So for the fellow production designers, or someone who is just starting out, I would encourage to take a pencil and start drawing by hand. And someday that pencil will become your magic wand, and you’ll be creating something beyond your imagination.

When I  hear from my fellow art directors who are trying to become production designers that they aren’t good at drawing, I always tell them to follow these simple and easy steps, then they won’t have to worry about their drawing skills for the rest of their lives.
 

1. Buy 6 standard sketchpads. They don’t have to be nice or expensive.    

 

2. On the first page of the first sketchpad, draw circles. Fill out the page with circles, and in fact, keep filling up all the pages with circles. You can maybe draw 100 circles per page, and if you have about 40 pages drawing pads, you’ll end up drawing 4,000 circles by the time you finish your first book.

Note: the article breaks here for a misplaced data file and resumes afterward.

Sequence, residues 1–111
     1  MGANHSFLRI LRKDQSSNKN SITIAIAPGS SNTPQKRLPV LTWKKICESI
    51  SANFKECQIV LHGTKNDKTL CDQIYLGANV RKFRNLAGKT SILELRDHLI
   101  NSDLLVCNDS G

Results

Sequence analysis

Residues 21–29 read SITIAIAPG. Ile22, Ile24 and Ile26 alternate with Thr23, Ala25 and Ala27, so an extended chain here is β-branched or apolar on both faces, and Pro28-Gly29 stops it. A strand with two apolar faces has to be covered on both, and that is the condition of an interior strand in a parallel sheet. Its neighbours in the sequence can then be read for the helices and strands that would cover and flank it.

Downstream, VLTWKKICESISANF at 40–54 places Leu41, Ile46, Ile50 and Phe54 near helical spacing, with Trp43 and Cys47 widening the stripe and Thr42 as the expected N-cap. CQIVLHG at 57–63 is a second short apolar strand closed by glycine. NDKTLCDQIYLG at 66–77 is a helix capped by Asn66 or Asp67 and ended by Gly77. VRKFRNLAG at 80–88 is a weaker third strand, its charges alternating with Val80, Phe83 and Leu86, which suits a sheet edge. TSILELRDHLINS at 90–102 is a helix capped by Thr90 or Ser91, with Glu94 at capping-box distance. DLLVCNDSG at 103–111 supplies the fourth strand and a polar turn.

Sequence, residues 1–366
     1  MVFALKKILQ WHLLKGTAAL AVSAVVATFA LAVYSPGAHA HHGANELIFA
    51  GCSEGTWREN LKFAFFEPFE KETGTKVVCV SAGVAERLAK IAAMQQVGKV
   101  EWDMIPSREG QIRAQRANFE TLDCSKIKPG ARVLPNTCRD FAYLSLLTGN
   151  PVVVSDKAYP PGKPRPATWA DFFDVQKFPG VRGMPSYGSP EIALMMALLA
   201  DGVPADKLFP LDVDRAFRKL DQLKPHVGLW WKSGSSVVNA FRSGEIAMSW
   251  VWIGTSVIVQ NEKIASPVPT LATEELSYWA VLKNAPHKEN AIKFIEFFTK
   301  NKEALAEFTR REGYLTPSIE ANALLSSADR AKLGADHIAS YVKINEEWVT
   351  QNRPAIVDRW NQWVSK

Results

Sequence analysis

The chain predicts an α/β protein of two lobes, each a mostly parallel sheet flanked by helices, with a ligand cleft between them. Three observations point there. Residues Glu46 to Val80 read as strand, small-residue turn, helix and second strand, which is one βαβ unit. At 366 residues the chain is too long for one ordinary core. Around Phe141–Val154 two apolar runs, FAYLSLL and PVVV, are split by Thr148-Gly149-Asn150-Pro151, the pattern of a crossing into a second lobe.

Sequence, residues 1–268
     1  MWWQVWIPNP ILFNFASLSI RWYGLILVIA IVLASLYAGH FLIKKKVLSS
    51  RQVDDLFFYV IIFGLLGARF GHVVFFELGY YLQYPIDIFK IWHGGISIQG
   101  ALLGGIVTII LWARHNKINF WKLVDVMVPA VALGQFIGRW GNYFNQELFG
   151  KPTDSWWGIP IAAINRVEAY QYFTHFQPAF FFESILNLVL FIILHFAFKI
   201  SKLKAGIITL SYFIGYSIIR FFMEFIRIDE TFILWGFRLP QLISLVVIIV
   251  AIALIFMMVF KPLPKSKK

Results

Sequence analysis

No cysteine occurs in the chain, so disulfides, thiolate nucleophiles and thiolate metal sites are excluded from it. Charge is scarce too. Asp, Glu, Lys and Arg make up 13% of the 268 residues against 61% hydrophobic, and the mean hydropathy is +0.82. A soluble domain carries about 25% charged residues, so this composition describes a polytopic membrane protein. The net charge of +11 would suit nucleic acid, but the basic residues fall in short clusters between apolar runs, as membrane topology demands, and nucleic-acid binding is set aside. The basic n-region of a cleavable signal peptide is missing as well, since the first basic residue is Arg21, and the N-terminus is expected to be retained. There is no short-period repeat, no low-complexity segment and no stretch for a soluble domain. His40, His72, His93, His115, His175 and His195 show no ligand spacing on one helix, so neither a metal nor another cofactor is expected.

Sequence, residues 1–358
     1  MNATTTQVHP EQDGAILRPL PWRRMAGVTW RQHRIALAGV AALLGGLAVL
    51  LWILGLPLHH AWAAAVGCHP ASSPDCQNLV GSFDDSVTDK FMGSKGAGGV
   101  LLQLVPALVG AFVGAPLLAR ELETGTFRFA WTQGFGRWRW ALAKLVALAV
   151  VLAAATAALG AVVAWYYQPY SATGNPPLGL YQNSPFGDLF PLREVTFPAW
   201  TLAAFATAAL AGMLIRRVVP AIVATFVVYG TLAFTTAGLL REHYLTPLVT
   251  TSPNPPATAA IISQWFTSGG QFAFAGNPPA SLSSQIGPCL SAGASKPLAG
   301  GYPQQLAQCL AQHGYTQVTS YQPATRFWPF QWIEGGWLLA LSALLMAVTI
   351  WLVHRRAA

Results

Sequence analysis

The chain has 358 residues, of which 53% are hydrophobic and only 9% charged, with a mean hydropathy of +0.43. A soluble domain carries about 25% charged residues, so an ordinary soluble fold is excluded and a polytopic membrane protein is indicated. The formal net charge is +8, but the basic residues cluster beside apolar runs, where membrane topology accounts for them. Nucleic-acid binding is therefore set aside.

3. Then on the second book, draw squares. Fill up all the pages with squares. You can do rectangules if you get bored, try different size as well.

4. Then on the third book, draw triangles.

5. On the fourth book, you’ll draw spheres. So, this time, draw not just circles, but also the shadow and the shade of the sphere.

 

6. For the fifth book, you’ll draw cubes. Change the direction of the light source, so you draw different shapes of shadows.